How Isis profits from destruction of antiquities

Robert Fisk on the terrorist group's manipulation of the market to increase the price of artefacts
Labour leadership: Andy Burnham urges Jeremy Corbyn voters to think again in last-minute plea

'If we lose touch we’ll end up with two decades of the Tories'

In an exclusive interview, Andy Burnham urges Jeremy Corbyn voters to think again in last-minute plea
Tunisia fears its Arab Spring could be reversed as the new regime becomes as intolerant of dissent as its predecessor

The Arab Spring reversed

Tunisian protesters fear that a new law will whitewash corrupt businessmen and officials, but they are finding that the new regime is becoming as intolerant of dissent as its predecessor
King Arthur: Legendary figure was real and lived most of his life in Strathclyde, academic claims

Academic claims King Arthur was real - and reveals where he lived

Dr Andrew Breeze says the legendary figure did exist – but was a general, not a king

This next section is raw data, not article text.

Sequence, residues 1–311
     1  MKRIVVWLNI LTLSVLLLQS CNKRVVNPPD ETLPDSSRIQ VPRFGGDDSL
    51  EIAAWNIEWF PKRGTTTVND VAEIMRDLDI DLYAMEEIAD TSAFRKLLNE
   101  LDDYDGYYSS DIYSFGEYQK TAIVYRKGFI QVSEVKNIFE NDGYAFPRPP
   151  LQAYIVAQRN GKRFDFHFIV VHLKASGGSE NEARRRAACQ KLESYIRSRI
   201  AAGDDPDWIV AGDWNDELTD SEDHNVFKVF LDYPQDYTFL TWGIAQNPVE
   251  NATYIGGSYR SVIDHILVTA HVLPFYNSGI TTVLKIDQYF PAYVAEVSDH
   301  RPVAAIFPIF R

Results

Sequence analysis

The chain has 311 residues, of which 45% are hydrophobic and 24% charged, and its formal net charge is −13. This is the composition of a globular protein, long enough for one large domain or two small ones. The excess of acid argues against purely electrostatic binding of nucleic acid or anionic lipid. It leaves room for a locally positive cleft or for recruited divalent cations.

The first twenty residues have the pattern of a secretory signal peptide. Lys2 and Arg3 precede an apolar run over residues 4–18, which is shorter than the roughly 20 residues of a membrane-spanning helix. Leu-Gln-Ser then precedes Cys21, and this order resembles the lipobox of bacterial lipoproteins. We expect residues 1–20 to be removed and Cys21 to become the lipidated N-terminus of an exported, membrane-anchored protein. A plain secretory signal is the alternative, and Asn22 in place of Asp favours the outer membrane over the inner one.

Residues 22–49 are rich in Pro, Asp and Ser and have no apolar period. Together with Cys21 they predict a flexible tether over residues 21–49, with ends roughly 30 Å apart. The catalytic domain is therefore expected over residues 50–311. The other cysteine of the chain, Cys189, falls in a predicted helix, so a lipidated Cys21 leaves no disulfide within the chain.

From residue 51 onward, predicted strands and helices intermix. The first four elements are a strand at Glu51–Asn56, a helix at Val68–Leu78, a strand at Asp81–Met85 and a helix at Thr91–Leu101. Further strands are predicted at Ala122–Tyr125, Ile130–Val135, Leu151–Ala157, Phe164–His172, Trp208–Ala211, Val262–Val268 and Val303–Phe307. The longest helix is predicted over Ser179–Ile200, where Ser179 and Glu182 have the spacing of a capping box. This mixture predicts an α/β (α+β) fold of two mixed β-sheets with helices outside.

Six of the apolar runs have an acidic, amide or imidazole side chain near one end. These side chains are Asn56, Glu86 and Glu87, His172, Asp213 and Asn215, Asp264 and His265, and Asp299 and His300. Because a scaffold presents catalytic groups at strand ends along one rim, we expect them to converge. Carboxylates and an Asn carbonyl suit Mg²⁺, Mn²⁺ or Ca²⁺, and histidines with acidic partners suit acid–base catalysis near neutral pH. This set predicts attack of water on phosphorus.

Who is Oliver Bonas and how has he captured middle-class hearts?

Who is Oliver Bonas?

It's the first high-street store to pay its staff the living wage, and it saw out the recession in style
Earth has 'lost more than half its trees' since humans first started cutting them down

Axe-wielding Man fells half the world’s trees – leaving us just 422 each

However, the number of trees may be eight times higher than previously thought
60 years of Scalextric: Model cars are now stuffed with as much tech as real ones

60 years of Scalextric

Model cars are now stuffed with as much tech as real ones
Theme parks continue to draw in thrill-seekers despite the risks - so why are we so addicted?

Why are we addicted to theme parks?